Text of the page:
Blue Notes…

By in News on June 13, 2014

Bahamian Artist Blue Curry Presents Work At UK Culture Conference

Bahamian artist Blue Curry will be speaking about his work at the Contemporary Caribbean Visual Culture Conference with the theme “Artistic Visions of Global Citizenship” being held at the University of Birmingham this week, June 12th and 13th.

This conference aims to bring together academics, curators and creators to explore some of the key thematic priorities and political challenges which have begun to define Caribbean visual culture since the beginning of the twenty first century. The conference will address the cultural predicaments staged in the visual cultures of the English, Spanish, French and Dutch Caribbean.

It also seeks to address the way different versions of the Caribbean are created and recreated within contemporary US and European contexts. Contemporary Caribbean visual practices, through multiple, often disturbing mechanisms, continue to wrestle with the nation-diaspora polemic which was an important feature of various twentieth-century cultural and political agendas.

More importantly, however, they also propose new insights on questions of citizenship and new ways of interpreting globalization and trans-nationalism.


Blue Curry’s Work Featured In Scholarly Journal

The work of Bahamian artist Blue Curry is discussed by Spanish art critic, scholar, and researcher Carlos Garrido Castellano in his article ‘Conceptual Materialism: Installation Art and the Dismantling of Caribbean Historicism’ in the current issue of Third Text.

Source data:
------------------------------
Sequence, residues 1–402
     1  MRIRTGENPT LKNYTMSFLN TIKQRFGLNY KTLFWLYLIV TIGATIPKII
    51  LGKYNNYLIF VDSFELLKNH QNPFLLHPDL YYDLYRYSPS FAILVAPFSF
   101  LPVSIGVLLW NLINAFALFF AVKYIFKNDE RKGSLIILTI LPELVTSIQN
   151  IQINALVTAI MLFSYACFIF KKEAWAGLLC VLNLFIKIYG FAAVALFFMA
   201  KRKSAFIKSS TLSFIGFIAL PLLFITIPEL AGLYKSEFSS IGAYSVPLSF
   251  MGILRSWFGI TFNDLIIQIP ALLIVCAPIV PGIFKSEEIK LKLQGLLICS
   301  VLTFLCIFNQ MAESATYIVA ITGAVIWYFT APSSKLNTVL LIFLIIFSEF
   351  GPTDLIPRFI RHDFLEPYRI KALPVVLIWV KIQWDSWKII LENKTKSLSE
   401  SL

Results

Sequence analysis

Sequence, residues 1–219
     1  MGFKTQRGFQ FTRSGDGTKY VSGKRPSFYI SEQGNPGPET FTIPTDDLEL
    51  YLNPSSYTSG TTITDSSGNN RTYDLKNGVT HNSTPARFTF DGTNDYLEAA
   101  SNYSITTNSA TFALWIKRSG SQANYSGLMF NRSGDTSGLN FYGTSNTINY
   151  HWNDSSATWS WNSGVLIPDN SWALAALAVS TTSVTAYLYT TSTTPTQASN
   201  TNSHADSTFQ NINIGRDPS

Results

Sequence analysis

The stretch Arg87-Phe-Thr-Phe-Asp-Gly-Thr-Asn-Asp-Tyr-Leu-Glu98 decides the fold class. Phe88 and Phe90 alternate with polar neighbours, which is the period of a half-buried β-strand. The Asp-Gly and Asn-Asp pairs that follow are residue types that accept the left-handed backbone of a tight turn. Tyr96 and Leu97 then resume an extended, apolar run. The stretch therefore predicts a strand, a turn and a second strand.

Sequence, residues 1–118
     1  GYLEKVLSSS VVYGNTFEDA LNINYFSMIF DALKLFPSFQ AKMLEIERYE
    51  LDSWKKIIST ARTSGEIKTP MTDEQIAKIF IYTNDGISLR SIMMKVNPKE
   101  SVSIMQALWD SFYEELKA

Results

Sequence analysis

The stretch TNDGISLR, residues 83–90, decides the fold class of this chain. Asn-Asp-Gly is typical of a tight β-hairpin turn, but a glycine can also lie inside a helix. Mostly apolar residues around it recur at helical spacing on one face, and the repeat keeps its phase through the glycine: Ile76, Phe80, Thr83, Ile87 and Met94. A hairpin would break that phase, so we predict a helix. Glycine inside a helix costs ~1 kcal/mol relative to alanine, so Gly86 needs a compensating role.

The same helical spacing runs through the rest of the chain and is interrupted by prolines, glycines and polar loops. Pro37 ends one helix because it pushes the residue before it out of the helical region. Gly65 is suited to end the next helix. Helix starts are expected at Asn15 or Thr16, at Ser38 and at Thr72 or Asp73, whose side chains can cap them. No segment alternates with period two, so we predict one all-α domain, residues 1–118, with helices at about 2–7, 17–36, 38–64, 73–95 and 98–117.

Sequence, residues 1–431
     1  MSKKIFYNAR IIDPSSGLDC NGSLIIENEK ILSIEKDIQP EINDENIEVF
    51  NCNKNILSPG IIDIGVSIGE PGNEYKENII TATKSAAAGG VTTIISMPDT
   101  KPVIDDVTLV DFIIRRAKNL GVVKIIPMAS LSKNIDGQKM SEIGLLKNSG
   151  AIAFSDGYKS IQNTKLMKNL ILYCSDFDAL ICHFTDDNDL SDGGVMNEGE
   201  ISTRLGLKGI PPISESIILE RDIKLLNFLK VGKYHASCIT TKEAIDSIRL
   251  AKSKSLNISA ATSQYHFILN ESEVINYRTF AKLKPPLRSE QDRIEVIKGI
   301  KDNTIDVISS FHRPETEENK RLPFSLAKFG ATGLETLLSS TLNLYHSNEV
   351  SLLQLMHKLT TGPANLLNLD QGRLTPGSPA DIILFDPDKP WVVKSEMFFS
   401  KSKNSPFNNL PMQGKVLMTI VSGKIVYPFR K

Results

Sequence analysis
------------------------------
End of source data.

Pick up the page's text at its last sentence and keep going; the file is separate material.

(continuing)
Castellano’s article analyses how Caribbean artists approach material culture in order to raise questions of historicism, knowledge and display. Installation artists Nikolai Noel (Trinidad and Tobago), Marcos Lora Read (Dominican Republic) and Blue Curry (Bahamas) approach sugar, kapok wood and sun cream from a materialist point of view in order to transcend referential values.

In so doing, they translate a critical concern to the life of the things and materials that have shaped the Caribbean past and present. By examining three of their most fully realized artistic projects, this article seeks to elaborate a reading of Caribbean art based on the re-staging through art of the political, economic and social implications arising from the entanglement between human beings and things.

Third Text has established its key position at the critical interface of contemporary art practice and theory with specific focus on the impact of ‘globalization’. In its twenty-six year history the journal has created an archive of knowledge production to benefit artists, researchers and art historians worldwide.

SIDE NOTE: Blue Curry was one of the original members of Popopstudios.

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